Once you identify the appropriate carrier, you should look on that carrier’s website for instructions on how to cancel a customer’s contract because of death. Here are current links to the instructions for cancelling a contract with each of the three major carriers because of a customer’s death:

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AT&T allows you to assume the management of your deceased loved one’s account, provided you have the account holder’s name and wireless security passcode. If you contact customer service with this information, you should be able to terminate your loved one’s contract, with certain stipulations.

For example, there should be no fees incurred to terminate the account or transfer service. With that said, if your loved one was the owner of the account, installment agreements may be adjusted for all lines of service on the account.

Additionally, the account cannot remain open under your loved one’s name and social security number (except in Oklahoma). But if you transfer billing responsibility, you may keep your loved one’s cell phone number, which may be useful if you are still handling other affairs for the estate. Your loved one’s estate will be responsible for any outstanding balance on the account.

Sprint / T-Mobile

Likewise, depending on whether your loved one was the account holder or just a user on someone else’s account, Sprint/T-Mobile will allow you to cancel the entire account or just the service to your loved one’s line. To do so, you must provide the following information:

  • The name of your loved one
  • Your loved one’s cell phone number
  • The last four digits of your loved one’s Social Security number
  • The date your loved one died
  • If your loved one’s account was for a business owned with another person, documentation of the business registration proving ownership.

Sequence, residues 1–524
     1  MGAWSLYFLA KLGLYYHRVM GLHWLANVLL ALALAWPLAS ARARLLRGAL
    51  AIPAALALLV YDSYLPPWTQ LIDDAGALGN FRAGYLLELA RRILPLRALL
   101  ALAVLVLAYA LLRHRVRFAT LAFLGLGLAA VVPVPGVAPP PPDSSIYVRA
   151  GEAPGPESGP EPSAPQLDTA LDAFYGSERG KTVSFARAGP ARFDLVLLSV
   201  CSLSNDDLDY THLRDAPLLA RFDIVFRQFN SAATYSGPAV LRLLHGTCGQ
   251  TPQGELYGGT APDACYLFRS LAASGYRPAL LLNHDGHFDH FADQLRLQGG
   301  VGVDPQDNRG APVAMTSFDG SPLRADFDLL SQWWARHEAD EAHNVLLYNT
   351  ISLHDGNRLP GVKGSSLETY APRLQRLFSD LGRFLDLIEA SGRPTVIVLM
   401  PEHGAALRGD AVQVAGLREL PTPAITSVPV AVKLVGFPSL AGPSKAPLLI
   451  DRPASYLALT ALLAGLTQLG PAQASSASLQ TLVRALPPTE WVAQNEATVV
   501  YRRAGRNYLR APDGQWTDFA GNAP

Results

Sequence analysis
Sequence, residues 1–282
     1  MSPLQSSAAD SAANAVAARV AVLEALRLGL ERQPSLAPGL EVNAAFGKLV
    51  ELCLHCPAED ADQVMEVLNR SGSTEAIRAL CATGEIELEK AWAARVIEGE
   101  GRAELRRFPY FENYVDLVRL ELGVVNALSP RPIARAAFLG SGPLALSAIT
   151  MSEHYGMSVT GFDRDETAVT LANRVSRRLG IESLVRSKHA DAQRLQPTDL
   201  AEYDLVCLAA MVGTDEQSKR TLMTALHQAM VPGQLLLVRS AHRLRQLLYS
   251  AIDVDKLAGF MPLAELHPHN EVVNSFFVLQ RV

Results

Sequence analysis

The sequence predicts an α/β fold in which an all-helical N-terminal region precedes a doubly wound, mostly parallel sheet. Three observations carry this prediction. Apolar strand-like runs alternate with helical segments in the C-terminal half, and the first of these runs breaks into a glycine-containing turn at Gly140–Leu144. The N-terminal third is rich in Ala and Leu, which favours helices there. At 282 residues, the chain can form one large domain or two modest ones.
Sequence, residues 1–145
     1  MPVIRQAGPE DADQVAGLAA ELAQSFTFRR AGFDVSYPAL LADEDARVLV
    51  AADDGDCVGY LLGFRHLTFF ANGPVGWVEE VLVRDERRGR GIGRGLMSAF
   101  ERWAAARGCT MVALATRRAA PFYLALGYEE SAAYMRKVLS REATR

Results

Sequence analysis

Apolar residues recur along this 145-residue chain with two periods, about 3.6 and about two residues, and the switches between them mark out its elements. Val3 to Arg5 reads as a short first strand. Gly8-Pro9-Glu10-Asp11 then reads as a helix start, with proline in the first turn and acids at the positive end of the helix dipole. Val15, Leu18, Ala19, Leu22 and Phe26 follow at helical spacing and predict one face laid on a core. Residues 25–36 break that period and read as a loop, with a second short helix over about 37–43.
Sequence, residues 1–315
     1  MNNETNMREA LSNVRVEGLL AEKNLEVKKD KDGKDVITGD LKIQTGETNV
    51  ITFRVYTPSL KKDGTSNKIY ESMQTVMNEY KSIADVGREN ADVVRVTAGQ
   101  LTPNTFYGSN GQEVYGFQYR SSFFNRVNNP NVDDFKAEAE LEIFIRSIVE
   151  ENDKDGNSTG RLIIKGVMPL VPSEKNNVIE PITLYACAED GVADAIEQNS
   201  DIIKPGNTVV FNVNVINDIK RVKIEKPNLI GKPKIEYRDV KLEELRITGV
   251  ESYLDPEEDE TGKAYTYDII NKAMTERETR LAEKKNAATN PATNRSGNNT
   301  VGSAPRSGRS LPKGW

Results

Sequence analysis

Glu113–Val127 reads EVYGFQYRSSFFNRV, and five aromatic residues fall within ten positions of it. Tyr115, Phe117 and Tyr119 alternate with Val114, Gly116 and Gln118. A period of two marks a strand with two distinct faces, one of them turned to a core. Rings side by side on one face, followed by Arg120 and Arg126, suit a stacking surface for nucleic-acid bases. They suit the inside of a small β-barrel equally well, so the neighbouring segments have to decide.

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If your loved one used Verizon, you also may either transfer ownership responsibility or terminate the contract. If you are the executor of the deceased customer’s estate, to have the service transferred to you, you must provide appropriate paperwork proving your executorship. Otherwise, anyone requesting to terminate the contract must provide the following information:

  • The account owner’s name
  • Your loved one’s phone number
  • Your loved one’s Verizon wireless Account PIN

Before Cancelling Their Cell Phone Contracts

For any of these providers, if there is data on your loved one’s cell phone device that you wish to retain before you terminate the account, you should back-up the data on the phone to another accessible device. If your loved one did not have a password manager, you will want to review the data registered on the phone. Data that you may wish to preserve from your loved one’s device may include:

  • Digital photographs
  • E-mails
  • Text messages
  • Password information
  • Calendars
  • Credit card and other billing information

While the device can stay with you as part of the estate, you will want to have all this information backed up somewhere.

Cancelling Cell Phone Contracts for Loved Ones When They Die

No one wants to anticipate the death of a loved one. However, you can avoid unnecessary expense for your loved one's estate--and stress for you--if you simply record some basic information related to your loved one’s cell phone account so that you may easily cancel their contract when they die.

If you anticipate the death of a loved one who owns a cell phone account or uses a cell phone line on another person’s account, be sure to obtain the required information so that if or when your loved one dies, you can easily wind-up their affairs and avoid ongoing service and fees.

This is a difficult and untimely task, but it is a necessary part of the grieving process. By knowing what to expect and recording the right information, you can make the process a little easier on you and your loved one’s estate.